Ontarians will most likely elect a new premier on June 7 and according to a poll released last week by the Toronto Star, NDP leader Andrea Horwath is firmly in majority government territory with a whopping 47 per cent support.
If the polling stands, this could be a replay of 2015 in Alberta, with Premier Kathleen Wynne playing the role of former PC premier Jim Prentice, falling from first to third place.
Ontario PC leader Doug Ford in this scenario is then-Wildrose leader Brian Jean, whose party scared away more moderate voters who hungered for change, but not the kind on offer from the right.
This leaves the two NDP leaders, Rachel Notley and Horwath, as kindred spirits — both charismatic female leaders who lean left politically.
Of course, the Ontario Liberals have been in power for 15 years, whereas the Alberta PCs were in charge for 44, but in both cases voters grew tired of the party brand and wanted something different.
Another difference is that the Ontario NDP, unlike their Albertan cousins, have been in power before.
The tenure of former premier Bob Rae — now a Liberal — is generally agreed to have been disastrous on both the right and left.
Rae tried to please all and ended up alienating just about everyone.
This culminated with the now-notorious “Rae Days.”
In order to save the province money, as credit agencies were concerned with Ontario’s mounting debt, Rae required all public sector workers to take an unpaid day off each month.
This saved the province money, but it was still highly indebted and unions, a traditional base of NDP support, weren’t pleased with having workers’ signed collective agreements unilaterally revoked.
But as it currently stands, Ontarians seem willing to forgive the NDP for Rae’s sins.
A lot of this has to do with the allegations of electoral dirty tricks engulfing Ford, whose family name is already synonymous with misbehaviour and scandal.
Ford took over the party in a snap leadership race after former leader Patrick Brown was forced to resign due to allegations of sexual impropriety, which Brown strongly denies. But the scandals didn’t end with Brown’s resignation.
First the Ford campaign used stolen data from the private 407 Express Toll Route highway north of Toronto to target 60,000 potential voters.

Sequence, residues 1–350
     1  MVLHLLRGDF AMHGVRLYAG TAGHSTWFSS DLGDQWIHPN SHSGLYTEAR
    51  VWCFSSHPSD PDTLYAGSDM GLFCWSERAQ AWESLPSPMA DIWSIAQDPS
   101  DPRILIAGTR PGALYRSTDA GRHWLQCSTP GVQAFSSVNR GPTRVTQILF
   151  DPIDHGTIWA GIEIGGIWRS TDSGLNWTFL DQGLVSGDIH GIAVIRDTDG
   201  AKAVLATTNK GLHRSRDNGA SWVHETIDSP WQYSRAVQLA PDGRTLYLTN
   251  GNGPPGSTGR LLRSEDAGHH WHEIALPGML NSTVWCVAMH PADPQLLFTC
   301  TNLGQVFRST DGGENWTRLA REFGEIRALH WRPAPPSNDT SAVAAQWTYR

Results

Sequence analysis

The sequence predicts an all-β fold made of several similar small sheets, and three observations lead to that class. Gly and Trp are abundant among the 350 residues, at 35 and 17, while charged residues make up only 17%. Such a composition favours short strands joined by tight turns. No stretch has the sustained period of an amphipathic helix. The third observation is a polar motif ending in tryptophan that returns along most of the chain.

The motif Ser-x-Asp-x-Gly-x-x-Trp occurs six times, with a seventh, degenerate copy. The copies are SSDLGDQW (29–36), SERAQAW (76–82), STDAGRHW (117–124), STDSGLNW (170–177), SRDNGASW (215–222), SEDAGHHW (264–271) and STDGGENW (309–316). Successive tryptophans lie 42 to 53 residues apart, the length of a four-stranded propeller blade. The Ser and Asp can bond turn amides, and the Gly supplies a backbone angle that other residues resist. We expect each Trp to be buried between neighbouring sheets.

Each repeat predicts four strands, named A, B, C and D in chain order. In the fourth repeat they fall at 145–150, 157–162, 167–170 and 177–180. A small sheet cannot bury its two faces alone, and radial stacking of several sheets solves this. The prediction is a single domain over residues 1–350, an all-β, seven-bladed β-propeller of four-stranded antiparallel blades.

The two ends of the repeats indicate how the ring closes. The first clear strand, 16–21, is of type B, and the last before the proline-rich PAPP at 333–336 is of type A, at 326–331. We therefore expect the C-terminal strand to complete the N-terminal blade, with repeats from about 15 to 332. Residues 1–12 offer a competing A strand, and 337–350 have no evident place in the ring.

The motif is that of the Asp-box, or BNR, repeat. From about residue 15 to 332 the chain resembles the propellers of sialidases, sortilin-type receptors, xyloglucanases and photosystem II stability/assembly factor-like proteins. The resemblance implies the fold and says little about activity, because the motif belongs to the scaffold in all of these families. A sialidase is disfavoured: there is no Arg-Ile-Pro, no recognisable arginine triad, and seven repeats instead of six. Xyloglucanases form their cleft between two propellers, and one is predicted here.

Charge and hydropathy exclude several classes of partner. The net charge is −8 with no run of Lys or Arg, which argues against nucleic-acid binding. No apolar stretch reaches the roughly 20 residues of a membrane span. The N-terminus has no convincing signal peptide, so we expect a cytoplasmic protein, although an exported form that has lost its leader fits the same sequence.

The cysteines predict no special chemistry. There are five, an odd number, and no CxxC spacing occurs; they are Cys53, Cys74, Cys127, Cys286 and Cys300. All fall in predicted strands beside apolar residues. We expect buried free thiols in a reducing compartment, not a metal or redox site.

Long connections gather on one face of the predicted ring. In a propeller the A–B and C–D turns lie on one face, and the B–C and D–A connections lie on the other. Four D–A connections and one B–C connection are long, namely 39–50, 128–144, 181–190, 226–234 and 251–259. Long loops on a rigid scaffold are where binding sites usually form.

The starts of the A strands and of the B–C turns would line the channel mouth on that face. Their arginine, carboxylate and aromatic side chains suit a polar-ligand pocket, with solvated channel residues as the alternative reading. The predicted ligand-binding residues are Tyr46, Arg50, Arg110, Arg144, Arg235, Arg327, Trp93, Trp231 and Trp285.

Now Ford stands accused of offering free party memberships two years ago for people to vote for candidate Kinga Surma, a former member of his brother’s mayoral team.
The Wynne campaign released a recording of Ford doing this. He didn’t deny its authenticity.
To make matters worse, Surma’s opponent for the nomination, Pina Martino, says Ford tried to intimidate her out of dropping her candidacy by following her home.
So how does this relate to Alberta’s election next year?
If the NDP can win in Ontario more than two decades after Rae’s disastrous tenure, the party would gain momentum in provincial elections across the country. The NDP seem to have the most success when they’re the underdog. This was the case in Alberta in 2015, B.C. in 2017 and federally in 2011.
No doubt, Notley’s government will be the underdog in 2019, with all polls indicating a UCP sweep outside of Edmonton and parts of Calgary.
Notley’s success will also depend on how many former PC supporters will go with former Edmonton mayor Stephen Mandel’s Alberta Party, siphoning off soft-right voters from the UCP and splitting the conservative vote, as was the case in 2015.
Although the Ontario election currently appears to be a repeat of Alberta in 2015, it remains to be seen if Notley can pull off the same.
But it would be unwise to write her off in this era of political uncertainty.